- Godzilla Minus One (2023)
- Midnight (2021)
- Magnificent Warriors (1987)
- Odd Couple (1979)
- Three (2016)
- Dreadnaught (1981)
- Decision to Leave (2022)
- Once Upon a Time in China & America (1997)
- Bad Guy
- Dali & Cocky Prince
- A Korean Odyssey
- Special Delivery (2022)
- My Girlfriend Is A Gumiho
- Strong Girl Bong Soon
I’m now forced to take back every rash generalisation I’ve ever made about Taiwanese films. This one is brilliant, and I couldn’t help but love it.
Blue Gate Crossing has the same slow pace, and is imbued with the same minimalist realism, as every other Taiwanese film I’ve seen. But where other Taiwanese films either bore me senseless or force me to leave the cinema in high dudgeon, this one had me enthralled. I’d have watched the whole thing again … (read more)
There is a disarming honesty to the way writer/director Edward Yang speaks of Yi Yi — A One and A Two, an honesty which is rarely — if ever — to be found in critical writing, so his words perhaps better suited than any (especially mine) to introduce you to his creation.
“The film is simply about life, played across a spectrum of its span. In my view as the writer, simplicity is what’s at the bottom of the … (read more)
This one is for the girls. Now, if while reading this you find that you’re not a girl, you can take my word for it or you can go ahead and watch it, but you’d better not say I didn’t warn you. I don’t want this to be the case of course, not because I’m personally not a girl (because I am) but because I suspect that if I could call this film something else, this review would be a … (read more)
Lee Kang-sheng’s The Missing is a sad and haunting film which builds very slowly to an obscure symbolic ending, making you want to watch it again right away in order to view it in a different light. While not quite living up to the standard of the best work of Lee’s esteemed mentor Tsai Ming-liang, The Missing is an admirable debut.
In 2003, Tsai and his lead actor and on-screen alter-ego Lee set out to make two companion-piece short films, … (read more)
Hou Hsaio-hsien’s Café Lumiere, his plaintive tribute to the incomparable Yasujiro Ozu, is certainly sure to piss off large sections of its audience. I had the curious experience of seeing it with quite a big audience at the Melbourne International Film Festival, and much of this crowd was comprised of people who were only there to ensure themselves good seats for the next session in that cinema: Kung Fu Hustle, introduced live by Stephen Chow himself. Needless to … (read more)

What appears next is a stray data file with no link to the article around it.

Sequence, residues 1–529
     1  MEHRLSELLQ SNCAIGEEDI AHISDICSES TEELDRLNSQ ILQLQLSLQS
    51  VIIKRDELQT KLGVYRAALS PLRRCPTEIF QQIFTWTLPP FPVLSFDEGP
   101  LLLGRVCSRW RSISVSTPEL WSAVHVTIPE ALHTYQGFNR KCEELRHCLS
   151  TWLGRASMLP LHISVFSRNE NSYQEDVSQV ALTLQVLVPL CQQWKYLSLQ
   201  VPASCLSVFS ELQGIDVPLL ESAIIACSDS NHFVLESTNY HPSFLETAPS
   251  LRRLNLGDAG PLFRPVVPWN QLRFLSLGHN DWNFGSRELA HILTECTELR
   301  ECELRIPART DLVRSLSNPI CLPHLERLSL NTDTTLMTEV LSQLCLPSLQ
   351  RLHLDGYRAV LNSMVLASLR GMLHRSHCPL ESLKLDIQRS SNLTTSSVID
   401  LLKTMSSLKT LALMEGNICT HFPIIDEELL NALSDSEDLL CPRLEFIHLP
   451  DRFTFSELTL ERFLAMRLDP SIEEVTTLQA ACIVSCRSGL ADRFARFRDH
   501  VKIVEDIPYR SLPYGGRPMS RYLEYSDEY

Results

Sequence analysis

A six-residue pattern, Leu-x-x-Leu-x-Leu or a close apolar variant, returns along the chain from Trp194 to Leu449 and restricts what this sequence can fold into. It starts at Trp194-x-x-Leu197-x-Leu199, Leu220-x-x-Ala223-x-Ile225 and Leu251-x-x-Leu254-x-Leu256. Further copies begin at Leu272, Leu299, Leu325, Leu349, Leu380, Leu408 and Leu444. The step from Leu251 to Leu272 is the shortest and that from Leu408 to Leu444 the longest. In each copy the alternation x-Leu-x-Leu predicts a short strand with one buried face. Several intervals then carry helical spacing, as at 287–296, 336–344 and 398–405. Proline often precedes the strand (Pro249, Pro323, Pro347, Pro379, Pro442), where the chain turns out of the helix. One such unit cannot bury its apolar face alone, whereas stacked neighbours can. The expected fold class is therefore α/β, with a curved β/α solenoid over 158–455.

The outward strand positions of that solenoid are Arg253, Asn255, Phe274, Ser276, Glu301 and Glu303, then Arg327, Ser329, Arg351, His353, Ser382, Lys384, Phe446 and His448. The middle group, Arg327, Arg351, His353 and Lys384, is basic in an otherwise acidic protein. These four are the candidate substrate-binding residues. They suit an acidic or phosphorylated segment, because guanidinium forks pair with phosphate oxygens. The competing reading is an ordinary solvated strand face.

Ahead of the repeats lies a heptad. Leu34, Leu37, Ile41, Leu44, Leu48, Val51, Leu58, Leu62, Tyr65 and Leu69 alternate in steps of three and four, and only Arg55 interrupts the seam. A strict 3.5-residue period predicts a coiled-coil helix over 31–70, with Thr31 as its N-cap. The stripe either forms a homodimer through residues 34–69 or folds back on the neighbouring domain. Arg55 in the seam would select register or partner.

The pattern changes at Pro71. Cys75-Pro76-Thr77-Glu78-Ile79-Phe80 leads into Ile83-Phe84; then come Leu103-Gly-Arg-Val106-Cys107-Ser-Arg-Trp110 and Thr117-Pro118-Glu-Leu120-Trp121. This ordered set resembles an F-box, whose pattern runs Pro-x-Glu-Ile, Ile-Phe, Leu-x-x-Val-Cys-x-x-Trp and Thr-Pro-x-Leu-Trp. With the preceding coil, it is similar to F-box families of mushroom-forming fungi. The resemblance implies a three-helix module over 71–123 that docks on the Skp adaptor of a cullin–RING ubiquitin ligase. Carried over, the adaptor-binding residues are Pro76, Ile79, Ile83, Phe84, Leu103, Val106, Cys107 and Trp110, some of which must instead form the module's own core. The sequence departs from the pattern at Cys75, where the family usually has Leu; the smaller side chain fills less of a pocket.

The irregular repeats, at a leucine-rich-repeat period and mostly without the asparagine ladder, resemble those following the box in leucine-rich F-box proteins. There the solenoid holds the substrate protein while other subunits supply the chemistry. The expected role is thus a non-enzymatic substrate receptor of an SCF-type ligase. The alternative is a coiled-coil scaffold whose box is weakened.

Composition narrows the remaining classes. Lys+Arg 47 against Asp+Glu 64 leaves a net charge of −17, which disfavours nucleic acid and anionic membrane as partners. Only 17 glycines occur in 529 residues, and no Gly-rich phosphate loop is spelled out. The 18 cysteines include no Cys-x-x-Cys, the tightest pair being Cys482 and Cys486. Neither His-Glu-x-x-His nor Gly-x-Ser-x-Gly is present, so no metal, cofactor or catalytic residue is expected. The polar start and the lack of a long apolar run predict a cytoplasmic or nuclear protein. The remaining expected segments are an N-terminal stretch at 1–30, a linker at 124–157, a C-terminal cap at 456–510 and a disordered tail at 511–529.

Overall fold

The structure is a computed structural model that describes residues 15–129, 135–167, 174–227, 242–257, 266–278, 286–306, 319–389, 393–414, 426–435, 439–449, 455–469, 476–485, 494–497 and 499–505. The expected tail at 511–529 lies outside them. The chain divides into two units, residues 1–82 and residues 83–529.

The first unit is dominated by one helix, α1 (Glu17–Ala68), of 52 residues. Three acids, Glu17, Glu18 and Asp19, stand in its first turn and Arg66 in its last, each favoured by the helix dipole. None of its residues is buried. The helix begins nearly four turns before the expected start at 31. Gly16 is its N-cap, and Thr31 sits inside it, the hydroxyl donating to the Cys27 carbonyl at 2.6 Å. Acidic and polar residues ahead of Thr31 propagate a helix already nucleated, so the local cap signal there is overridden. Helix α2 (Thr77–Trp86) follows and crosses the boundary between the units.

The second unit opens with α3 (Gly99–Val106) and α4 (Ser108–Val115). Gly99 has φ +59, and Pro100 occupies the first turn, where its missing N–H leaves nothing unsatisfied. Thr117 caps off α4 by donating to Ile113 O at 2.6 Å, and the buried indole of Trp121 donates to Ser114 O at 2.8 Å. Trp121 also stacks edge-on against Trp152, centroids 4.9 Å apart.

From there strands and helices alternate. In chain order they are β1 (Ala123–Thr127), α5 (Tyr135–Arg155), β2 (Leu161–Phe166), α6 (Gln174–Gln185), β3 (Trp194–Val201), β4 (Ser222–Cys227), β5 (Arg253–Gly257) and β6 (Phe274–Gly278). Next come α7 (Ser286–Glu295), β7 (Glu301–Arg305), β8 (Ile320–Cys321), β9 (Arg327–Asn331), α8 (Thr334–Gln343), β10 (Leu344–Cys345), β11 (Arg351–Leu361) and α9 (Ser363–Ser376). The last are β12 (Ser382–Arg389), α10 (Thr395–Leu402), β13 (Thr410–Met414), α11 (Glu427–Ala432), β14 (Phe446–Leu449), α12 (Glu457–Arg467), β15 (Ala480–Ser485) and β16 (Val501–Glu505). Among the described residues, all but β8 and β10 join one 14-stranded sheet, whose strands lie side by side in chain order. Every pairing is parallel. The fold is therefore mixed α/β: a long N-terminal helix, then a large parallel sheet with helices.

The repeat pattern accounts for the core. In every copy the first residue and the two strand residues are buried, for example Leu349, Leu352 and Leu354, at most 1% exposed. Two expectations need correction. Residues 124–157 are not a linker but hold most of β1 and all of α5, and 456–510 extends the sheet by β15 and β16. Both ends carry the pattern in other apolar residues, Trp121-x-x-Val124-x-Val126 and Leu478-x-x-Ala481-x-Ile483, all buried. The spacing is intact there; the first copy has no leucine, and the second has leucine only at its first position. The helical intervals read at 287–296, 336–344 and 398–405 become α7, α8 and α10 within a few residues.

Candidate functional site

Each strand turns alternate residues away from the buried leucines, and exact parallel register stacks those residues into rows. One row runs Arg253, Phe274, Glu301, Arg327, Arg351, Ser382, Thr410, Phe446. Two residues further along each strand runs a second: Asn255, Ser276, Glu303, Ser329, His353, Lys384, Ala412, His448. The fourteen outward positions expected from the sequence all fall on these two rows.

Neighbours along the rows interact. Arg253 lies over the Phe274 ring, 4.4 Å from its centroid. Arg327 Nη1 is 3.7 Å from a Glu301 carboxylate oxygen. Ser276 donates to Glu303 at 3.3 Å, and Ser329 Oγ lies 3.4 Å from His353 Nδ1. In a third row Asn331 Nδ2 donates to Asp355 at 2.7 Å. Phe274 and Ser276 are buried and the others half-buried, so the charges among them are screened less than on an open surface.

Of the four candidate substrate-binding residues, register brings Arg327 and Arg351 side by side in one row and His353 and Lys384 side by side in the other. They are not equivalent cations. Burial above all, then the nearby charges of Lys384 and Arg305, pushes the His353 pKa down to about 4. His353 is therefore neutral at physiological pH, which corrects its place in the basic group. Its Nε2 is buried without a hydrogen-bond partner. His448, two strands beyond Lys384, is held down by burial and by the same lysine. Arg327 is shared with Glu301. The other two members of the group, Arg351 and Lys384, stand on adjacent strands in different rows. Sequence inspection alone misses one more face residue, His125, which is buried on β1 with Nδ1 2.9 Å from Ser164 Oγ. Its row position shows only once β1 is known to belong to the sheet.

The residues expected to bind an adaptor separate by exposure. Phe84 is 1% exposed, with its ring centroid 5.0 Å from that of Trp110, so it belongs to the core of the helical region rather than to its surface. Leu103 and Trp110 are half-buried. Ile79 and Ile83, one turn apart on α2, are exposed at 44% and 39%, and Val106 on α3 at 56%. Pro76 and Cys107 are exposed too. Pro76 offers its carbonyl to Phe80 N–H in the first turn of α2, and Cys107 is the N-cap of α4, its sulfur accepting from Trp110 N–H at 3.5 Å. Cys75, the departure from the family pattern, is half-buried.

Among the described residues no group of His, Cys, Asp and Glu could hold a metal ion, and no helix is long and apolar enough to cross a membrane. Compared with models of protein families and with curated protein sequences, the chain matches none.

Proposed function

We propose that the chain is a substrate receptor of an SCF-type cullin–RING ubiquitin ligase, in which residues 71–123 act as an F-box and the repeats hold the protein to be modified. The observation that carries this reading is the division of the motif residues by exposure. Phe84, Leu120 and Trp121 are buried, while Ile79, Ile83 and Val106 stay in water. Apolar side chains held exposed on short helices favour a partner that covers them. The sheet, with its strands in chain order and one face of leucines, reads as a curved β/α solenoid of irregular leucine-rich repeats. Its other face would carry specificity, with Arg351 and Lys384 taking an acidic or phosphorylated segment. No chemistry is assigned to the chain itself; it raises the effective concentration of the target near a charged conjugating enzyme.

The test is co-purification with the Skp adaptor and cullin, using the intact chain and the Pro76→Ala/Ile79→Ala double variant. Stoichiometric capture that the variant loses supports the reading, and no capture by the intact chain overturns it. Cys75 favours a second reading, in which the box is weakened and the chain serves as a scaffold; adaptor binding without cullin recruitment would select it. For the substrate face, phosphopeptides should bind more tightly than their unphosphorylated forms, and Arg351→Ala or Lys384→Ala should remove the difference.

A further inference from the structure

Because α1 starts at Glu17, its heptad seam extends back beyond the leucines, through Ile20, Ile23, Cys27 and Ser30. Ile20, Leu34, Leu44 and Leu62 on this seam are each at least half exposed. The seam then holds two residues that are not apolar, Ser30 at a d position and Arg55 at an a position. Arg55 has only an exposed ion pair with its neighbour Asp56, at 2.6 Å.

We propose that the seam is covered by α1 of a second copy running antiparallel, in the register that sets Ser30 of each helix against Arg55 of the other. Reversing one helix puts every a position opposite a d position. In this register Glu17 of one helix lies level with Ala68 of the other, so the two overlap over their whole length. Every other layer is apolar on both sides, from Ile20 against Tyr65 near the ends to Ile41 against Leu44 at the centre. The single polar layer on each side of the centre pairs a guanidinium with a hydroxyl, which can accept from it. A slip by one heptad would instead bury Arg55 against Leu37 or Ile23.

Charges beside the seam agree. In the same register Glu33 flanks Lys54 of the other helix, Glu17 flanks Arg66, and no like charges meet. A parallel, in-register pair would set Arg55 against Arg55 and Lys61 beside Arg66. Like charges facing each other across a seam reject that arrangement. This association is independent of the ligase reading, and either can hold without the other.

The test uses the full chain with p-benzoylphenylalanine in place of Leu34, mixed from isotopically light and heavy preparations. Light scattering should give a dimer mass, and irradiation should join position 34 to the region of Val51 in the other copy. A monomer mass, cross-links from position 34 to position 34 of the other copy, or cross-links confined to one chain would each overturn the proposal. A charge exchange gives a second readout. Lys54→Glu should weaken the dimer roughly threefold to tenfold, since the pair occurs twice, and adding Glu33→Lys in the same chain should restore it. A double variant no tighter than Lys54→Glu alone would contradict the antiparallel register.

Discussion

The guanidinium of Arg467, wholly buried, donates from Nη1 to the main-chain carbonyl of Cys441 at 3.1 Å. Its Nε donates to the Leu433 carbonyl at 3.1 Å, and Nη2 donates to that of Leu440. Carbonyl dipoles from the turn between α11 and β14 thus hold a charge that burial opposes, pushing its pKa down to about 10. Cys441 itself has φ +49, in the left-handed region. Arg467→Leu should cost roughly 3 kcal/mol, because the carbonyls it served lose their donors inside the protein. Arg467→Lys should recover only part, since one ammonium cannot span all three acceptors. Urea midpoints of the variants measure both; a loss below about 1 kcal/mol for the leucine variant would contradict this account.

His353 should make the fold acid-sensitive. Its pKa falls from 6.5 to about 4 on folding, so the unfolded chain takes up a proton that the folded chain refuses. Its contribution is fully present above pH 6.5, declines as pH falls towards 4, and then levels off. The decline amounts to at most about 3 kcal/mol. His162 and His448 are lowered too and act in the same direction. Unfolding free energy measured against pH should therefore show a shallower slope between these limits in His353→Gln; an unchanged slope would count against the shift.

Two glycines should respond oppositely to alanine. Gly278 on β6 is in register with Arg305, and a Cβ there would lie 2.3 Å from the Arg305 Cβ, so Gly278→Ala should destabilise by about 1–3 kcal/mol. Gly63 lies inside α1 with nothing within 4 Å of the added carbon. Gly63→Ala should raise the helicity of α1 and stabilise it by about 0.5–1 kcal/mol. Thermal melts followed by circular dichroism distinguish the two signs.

Ah, Tsai! You wonderfully sick individual. Tsai Ming-liang’s latest offering is an occasionally hilarious, frustrating, uncomfortable (in the good way and the bad way) and just slightly disappointing romantic freakshow. With musical numbers!
Starring the utterly fearless Lee Kang-sheng as a “star” of semi-professional porn, The Wayward Cloud tells one of those stories about two all-but-mute loners (Lee and Chen Shiang-chyi) with an obvious mutual attraction who slowly and uncertainly find their way together. These sorts of stories tend to … (read more)
There is always a sense of fondness when looking at the short film. Part of that has to do with being exposed too often to ideas and stories forcibly drawn out to meet certain time expectations, so that when one comes across a short film that gets to its point and does it well, it’s always refreshing. Besides which, that sense of a bite of culture without the commitment of a full feature appeals to my capricious, contrary nature.
This … (read more)
If you like Taiwanese drama, then read no further, because you’re likely to be annoyed. For the rest of you, here’s my unvarnished opinion of Goodbye, Dragon Inn.
Interminable. Almost unwatchable. Aside from no more than 2 slightly amusing moments, the film had nothing I wanted to see. And they may have been slightly amusing only in contrast to the absolute tedium of the rest of the film: a desperate attempt by one’s forebrain to extract something, anything, out … (read more)